Global Symposium on World Rugby

Global Symposium on World Rugby

At the recent Global Symposium on World Rugby, experts affirmed the fact that males retain an advantage over females in strength, stamina and speed, despite reducing testosterone.

New guidelines were developed last year that protect female rugby players from participation of biological males.

At the symposium, many experts defended the decision by proving, scientifically, that males retain advantage despite transitioning treatments.

“In short, transwomen retain large male advantages in terms of muscle mass, strength, VO2 Max (maximal oxygen uptake) and other relevant metrics.

Another recent study by paediatrics specialist Timothy Roberts and others, looks at US military personnel — trained and fit people subject to monthly physiological tests — and comes to similar conclusions.

“And in data presented by World Rugby, biomechanical modelling studies suggest that, in the women’s game, transgender players create head and neck forces 20-30% greater than elite women’s rugby players as a result of mass differences alone. This suggests a potential risk of injury to female players from transwomen players.

“From the evidence, it doesn’t look as if transwomen competing in women’s rugby is safe. The increased forces generated by transwomen significantly raise the risk of serious and catastrophic injury to female players.”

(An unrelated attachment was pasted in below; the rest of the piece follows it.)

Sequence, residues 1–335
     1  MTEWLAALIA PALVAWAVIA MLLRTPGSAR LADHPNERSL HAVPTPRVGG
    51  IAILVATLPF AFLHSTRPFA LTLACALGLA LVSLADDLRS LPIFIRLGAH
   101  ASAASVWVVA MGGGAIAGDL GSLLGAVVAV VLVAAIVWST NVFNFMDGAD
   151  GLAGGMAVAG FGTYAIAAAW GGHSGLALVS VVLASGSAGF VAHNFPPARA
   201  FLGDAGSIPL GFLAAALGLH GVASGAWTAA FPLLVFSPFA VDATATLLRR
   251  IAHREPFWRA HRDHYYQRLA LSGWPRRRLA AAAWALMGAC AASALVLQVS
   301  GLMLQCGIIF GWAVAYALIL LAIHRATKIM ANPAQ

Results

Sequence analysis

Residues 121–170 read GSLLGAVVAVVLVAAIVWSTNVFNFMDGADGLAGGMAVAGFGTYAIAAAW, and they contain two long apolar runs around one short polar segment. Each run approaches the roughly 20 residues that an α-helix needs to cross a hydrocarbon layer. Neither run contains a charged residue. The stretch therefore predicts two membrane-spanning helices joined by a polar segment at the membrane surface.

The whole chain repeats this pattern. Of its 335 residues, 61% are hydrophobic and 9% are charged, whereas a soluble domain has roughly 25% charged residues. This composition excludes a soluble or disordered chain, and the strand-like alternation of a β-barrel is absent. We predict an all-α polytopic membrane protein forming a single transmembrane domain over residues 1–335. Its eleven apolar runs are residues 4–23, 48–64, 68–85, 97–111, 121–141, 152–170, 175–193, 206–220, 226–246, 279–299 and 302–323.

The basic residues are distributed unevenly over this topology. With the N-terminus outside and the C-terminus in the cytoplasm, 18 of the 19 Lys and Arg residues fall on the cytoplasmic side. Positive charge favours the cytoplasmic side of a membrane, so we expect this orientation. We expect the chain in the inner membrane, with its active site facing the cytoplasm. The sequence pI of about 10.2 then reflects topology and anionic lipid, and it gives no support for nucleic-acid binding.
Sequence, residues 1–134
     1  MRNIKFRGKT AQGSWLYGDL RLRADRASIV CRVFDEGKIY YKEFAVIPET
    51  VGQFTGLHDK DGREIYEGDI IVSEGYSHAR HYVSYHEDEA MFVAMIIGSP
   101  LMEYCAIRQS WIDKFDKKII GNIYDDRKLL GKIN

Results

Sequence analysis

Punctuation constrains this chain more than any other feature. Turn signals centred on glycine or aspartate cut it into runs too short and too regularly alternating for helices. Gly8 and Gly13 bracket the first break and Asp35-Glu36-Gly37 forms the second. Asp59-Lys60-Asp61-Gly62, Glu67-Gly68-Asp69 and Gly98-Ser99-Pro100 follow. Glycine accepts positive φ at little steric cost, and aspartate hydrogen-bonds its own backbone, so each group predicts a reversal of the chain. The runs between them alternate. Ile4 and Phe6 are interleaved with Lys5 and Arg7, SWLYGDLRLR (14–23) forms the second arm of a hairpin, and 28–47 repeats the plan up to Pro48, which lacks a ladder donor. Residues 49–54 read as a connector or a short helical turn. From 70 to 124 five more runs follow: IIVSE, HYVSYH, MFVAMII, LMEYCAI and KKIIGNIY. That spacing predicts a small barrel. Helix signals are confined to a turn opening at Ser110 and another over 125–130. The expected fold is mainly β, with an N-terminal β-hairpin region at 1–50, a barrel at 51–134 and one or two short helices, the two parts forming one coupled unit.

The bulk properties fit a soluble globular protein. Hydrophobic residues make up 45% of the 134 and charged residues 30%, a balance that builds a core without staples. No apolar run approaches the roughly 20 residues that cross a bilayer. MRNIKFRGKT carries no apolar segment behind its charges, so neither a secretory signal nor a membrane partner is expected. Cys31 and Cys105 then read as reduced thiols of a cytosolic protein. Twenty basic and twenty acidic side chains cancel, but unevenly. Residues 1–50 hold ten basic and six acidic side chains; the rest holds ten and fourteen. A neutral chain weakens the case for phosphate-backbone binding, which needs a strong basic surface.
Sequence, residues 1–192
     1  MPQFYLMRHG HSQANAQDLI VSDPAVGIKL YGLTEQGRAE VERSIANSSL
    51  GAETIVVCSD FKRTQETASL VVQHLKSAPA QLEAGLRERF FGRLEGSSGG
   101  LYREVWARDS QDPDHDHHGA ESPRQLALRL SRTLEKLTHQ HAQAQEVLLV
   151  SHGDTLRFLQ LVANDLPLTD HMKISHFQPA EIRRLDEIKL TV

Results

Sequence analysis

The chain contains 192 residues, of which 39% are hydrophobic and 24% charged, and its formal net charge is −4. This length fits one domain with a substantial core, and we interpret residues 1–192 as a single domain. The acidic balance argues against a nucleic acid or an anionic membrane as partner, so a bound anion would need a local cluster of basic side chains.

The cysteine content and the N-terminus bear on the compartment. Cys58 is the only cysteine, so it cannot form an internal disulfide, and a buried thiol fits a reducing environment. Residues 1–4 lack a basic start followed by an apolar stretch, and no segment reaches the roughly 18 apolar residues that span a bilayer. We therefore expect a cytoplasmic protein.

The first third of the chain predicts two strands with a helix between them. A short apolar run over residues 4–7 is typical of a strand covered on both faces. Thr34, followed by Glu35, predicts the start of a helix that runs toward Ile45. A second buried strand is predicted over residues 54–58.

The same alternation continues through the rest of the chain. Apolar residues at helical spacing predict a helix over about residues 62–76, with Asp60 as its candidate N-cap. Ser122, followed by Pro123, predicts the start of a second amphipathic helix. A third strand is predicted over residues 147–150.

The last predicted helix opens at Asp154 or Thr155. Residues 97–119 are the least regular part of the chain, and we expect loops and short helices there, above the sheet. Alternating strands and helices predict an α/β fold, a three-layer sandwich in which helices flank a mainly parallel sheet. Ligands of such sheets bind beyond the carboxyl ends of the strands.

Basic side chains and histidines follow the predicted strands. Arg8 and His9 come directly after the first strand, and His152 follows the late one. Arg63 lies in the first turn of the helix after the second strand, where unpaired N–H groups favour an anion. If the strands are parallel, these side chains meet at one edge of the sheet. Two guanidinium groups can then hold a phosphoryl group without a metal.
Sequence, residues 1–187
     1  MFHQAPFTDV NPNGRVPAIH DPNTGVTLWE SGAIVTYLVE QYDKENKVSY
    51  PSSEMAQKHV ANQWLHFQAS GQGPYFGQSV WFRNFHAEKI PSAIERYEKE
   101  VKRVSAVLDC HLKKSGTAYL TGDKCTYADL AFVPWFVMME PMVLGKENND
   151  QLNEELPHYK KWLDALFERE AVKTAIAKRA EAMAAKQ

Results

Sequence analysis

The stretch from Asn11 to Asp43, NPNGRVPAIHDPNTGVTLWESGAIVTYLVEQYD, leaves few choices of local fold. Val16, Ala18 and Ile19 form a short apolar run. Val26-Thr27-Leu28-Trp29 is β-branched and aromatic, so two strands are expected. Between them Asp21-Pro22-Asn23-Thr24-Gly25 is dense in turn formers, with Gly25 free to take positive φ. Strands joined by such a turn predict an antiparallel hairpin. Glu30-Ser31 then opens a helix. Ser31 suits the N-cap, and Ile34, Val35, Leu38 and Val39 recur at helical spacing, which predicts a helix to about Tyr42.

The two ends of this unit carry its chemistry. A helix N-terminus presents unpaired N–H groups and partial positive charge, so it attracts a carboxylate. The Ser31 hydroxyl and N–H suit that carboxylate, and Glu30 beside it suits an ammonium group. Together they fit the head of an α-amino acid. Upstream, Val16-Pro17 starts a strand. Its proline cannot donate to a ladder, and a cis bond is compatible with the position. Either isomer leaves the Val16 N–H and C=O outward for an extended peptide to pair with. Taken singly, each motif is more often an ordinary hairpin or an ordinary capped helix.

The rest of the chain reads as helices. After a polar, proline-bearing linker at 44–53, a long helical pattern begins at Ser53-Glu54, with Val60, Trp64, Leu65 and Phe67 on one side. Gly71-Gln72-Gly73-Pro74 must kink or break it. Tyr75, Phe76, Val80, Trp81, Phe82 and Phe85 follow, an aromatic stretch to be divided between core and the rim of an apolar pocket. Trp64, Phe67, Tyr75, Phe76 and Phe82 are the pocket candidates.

Even though the science-based argument is clear and decisive, Jon Pike, a Senior Lecturer in Philosophy from The Open University, went on to address the issue of “range”. He wrote, “Women’s sport necessarily involves the exclusion of those with male advantage. That’s the point of the category.”

Addressing those who claim that some transwomen are smaller or weaker and deserve a position in women’s sport, he said that it’s beside the point.

“The range argument rests on a misunderstanding of women’s sport. It is not a category for people who are a bit smaller, slower and weaker than the top males. It isn’t justified by performance or body metrics, but by the absence of a particular sort of advantage.”

Pike asserts that arguments about range are relative to unisex sporting categories, not male or female.

Binary spokeswoman, Kirralie Smith, agreed.

“The science is clear. Even with lower testosterone, males still retain an advantage over women in sport. We have two categories in sport because sex is binary. There is male or female. Women fought for and deserve a safe and fair playing field, free from the imposition of biological males in their domain.”